Don’t Touch Wild Hatchling Turtles — and Other Wild Turtle Advice from the Maritime Aquarium

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The Maritime Aquarium at Norwalk is asking folks to be mindful of turtles on the move at this time of year, and only to interact with them if necessary.

an announcement from the Maritime Aquarium

Barrett Christie, director of animal husbandry, said several recent well-meaning callers have “rescued” hatchling diamondback terrapins, a protected coastal species. One hatchling was even delivered to the Aquarium.

“Often, upon being handled by humans or brought in to human care, turtles cannot be returned to their natural habitats,” Christie said. “We’re glad that people are concerned for the welfare of turtles as they find them, but it’s important to know what to do and what not to do.”

Hatchling Turtle

Photo from the Maritime Aquarium

TINY. CUTE. VULNERABLE (if it’s crossing a road or if you touch it). “The only help they might need is to be safely carried across a road in the direction they were heading. But first you should make sure that you’re not putting yourself at risk by stopping on the road.”

Listed in Connecticut as a “species of special concern,” diamondback terrapins are the state’s only turtle that spend their lives in the brackish waters of Long Island Sound’s tidal rivers and marshes. Hatchlings might be encountered now heading for water, from shoreline nests.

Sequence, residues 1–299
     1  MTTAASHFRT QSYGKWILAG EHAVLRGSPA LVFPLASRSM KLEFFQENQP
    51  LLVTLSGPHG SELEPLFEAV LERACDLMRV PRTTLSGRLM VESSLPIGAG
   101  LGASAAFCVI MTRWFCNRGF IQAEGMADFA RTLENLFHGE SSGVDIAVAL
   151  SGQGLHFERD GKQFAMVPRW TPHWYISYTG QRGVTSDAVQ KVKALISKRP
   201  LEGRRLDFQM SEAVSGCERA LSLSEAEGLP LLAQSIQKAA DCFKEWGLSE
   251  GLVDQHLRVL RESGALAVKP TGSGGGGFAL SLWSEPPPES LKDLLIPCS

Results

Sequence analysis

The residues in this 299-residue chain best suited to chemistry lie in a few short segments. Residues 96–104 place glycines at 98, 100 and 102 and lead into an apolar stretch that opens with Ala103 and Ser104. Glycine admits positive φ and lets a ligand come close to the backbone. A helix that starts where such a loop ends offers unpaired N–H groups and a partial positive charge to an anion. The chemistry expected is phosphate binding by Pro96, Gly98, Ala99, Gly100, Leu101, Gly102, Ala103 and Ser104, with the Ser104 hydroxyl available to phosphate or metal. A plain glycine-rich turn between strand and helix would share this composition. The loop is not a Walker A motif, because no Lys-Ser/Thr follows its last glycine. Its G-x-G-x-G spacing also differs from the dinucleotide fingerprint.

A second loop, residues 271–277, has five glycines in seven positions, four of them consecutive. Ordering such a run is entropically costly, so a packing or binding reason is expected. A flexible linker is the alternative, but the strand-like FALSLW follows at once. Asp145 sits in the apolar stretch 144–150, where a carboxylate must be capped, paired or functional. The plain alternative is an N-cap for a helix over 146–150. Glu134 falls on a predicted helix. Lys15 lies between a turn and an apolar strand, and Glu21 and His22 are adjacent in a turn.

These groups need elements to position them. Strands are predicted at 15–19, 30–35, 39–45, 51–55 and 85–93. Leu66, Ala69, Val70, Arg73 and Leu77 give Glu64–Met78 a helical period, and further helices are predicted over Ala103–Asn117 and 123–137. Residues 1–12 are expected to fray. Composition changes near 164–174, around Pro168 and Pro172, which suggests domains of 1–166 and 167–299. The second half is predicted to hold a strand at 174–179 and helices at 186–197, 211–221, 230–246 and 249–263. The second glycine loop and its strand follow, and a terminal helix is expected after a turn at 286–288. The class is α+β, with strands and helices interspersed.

“Hatchlings are small and adorable, but the best thing to do is to just let them be on their way,” Christie said. “The only help they might need is to be safely carried across a road in the direction they were heading. But first you should make sure that you’re not putting yourself at risk by stopping on the road.”

That advice also holds true for Connecticut’s freshwater turtles, whose females look for places on land to lay their eggs in spring. Of particular note are snapping turtles, which can deliver a powerful maiming bite.

Snapping Turtle on the road

Photo from the Maritime Aquarium

BIG. UGLY. DANGEROUS (to your fingers, anyway). ALSO VULNERABLE: A snapping turtle can be vulnerable when crossing a road. Be careful about stopping on a road. Don’t get killed if you stop on the road to help, and keep your fingers well away from it (their necks are longer than you might think).

“If you come across a snapping turtle on a road, do not try to pick it up,” Christie said. “Even if you think your hands are safely out of its reach, snapping turtles’ necks can extend much further than you expect. The best thing to do is find a long stick to nudge it across the road in the direction it was facing.”

Of course the best place to see some of Connecticut’s turtles is the Maritime Aquarium at Norwalk, which displays diamondback terrapins, spotted turtles, painted turtles and Eastern box turtles. Sea turtles on exhibit are one loggerhead and two green sea turtles.

(The hatchling terrapin will not be displayed at the Aquarium. The Connecticut Department of Energy & Environmental Protection is seeking a permitted organization to accept it and provide proper care.)

You can learn more about exhibits, programs, IMAX movies and more in the popular family attraction at the Maritime Aquarium website.

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